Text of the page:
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Jumbo Package: Can Jalen Hurts make the Vince Young leap as a junior?

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Your latest Crimson Tide news and notes.

NCAA Football: Alabama A-Day Marvin Gentry-USA TODAY Sports

Happy Monday, everyone. We’ll start off with a reminder that tomorrow is Alabama’s SEC Network takeover day, so set your DVRs accordingly. Complete schedule can be found here.

Jalen Hurts posted an individual highlight video that is clearly intended to show how he’s shutting out all the noise.

If Jalen is to become a NFL QB prospect, he will look to follow the trajectory of another famous Houstonian, Texas Longhorns legend Vince Young. The stat lines of the two men as college sophomores were remarkably similar:

Young: 148/250 (59.2%), 1849 passing yards, 167 rushes for 1079 yards, 25 total TD

Hurts: 154/255 (60.4%), 2081 passing yards, 154 rushes for 855 yards, 25 total TD

Luke Hurts, Young was widely panned for inconsistent passing that critics suggested would derail any NFL dreams. He then went on to increase his numbers to 65% for over 3000 yards as a junior, while still rushing for 1000, with 38 total TDs en route to one of the most memorable national titles in college football history as some scrub named Colt McCoy took a redshirt season. He was also drafted third overall by the Tennessee Titans and won NFL Rookie of the Year, though his prototypical 6’5” height had something to do with that. Of course, Texas also famously switched to the spread offense during Young’s career as a starter, back before everyone was doing it. Defenses are now better at taking away the first read.

By the way, Saban said this just last week.

Probably means little, but the timing is interesting, anyway.

Cecil Hurt decided to write about... /gulp... kickers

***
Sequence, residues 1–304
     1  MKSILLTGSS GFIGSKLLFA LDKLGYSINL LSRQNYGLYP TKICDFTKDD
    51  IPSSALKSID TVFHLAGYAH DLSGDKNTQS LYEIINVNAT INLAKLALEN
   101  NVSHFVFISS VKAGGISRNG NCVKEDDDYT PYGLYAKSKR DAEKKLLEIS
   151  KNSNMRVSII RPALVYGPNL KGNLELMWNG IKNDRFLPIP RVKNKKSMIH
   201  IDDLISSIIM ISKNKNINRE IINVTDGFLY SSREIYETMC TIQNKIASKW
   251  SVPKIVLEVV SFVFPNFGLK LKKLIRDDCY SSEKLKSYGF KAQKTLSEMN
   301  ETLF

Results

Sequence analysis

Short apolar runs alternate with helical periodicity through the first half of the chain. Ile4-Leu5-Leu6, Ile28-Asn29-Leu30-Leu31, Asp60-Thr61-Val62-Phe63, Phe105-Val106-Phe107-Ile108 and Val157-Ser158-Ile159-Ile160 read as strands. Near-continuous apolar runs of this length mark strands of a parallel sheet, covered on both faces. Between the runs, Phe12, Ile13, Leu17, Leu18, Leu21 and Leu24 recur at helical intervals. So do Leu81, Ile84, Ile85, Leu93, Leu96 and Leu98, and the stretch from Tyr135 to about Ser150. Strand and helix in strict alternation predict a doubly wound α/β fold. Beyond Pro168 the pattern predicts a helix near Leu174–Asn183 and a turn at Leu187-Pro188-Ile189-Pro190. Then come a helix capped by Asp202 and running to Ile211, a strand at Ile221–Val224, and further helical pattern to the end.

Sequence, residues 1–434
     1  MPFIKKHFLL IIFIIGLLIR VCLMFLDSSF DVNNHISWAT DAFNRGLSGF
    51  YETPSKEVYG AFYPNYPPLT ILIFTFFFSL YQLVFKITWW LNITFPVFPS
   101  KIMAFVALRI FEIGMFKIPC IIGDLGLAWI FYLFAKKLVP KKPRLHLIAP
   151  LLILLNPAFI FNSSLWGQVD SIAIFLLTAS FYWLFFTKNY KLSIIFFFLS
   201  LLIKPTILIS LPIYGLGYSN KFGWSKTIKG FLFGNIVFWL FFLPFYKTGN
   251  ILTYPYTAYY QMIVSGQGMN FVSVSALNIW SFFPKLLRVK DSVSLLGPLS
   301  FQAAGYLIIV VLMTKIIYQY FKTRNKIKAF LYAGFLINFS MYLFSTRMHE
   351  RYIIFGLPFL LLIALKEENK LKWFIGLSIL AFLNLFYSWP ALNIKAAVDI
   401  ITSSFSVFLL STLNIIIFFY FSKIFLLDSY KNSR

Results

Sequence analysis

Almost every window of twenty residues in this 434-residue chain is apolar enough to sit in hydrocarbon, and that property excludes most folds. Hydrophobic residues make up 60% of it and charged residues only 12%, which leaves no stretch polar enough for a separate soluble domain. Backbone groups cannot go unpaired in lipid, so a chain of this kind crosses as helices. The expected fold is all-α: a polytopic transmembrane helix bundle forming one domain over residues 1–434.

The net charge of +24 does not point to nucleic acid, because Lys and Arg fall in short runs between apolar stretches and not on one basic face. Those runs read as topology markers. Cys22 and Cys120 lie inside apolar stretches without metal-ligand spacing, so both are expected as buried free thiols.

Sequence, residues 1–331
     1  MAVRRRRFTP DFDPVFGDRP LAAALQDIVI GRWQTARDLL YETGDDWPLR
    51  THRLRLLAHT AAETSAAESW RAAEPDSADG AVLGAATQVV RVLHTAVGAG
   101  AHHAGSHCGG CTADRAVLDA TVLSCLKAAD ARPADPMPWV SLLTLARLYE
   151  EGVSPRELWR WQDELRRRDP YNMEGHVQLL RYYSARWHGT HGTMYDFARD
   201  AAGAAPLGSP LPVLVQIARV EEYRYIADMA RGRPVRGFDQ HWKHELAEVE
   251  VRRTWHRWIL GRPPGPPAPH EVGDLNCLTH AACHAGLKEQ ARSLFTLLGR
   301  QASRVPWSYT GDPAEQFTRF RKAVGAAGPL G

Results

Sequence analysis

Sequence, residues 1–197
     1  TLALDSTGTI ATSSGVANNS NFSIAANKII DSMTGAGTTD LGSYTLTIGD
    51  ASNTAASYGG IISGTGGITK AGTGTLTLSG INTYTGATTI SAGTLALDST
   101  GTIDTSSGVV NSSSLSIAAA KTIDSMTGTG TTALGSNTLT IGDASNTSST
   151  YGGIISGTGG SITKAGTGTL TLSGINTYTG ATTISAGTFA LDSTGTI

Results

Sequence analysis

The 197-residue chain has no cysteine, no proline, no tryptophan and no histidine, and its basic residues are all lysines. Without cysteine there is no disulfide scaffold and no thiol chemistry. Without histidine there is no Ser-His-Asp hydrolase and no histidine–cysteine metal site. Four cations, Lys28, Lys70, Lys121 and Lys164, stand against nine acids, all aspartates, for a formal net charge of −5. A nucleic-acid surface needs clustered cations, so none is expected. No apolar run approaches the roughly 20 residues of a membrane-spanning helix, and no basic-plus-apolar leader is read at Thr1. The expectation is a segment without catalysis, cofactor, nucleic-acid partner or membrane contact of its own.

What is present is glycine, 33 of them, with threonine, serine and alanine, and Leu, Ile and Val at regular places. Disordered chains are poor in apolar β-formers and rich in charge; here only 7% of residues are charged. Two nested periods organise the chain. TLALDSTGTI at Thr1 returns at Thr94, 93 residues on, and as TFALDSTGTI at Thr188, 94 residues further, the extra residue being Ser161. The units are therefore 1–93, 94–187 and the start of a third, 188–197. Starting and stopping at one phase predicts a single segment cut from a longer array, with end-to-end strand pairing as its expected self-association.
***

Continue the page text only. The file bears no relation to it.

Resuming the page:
Alabama fans have come to sort of grudging acceptance that the football gods don’t just hand out championships without exacting a price in return. That price is field goals — not singling out any of the kickers in particular. Some have been good enough but oddly vulnerable to supreme moments of stress.

This will likely be true of the Crimson Tide’s 2018 kickers. The front-runners, with competition still underway as Saban would remind you with a glare, are probably Joseph Bulovas at placekicker and Skyler DeLong (also a great name) at punter. There are high expectations (for the punter, it is equaling Scott; for the kicker, it is fulfilling the hope that things have got to get better eventually.)

Both remained relatively anonymous in Atlanta. Maybe if it stays that way, or is a little better, Alabama will be back in Atlanta in December.

Personally, I hope both kicking specialists stay virtually anonymous all season. No field goal attempts or punts would be just fine. In fact, I hope that Alabama one day loses its only punter to transfer due to lack of playing time. That would be spectacular.

Next up is rat poison. Rat poison everywhere, I tell you.

The Tide, of course, ranks No. 1 among SEC teams in its all-time record of victories and winning percentage. On the field, Bama has played 1,283 games with a record of 920-319-44, a success rate of 73.4 percent. Even with eight victories and a tie forfeited and 21 wins vacated, Alabama’s all-time record is 891-328-43, a winning percentage of 72.3. (Tennessee, which has been on a different trajectory than Alabama, is second to the Tide nationally with a record of 833-383-53 and winning percentage of 67.7.)

Those 26 SEC Championships by Alabama are equal to the total by the next two teams, Georgia and Tennessee with 13 each.

Alabama, which has a winning record against every SEC opponent, leads the all-time conference standings with a record of 412-168-20 for 71.3 percent. Tennessee is second both in wins and winning percentage at 334-207-19 for 62.2 percent.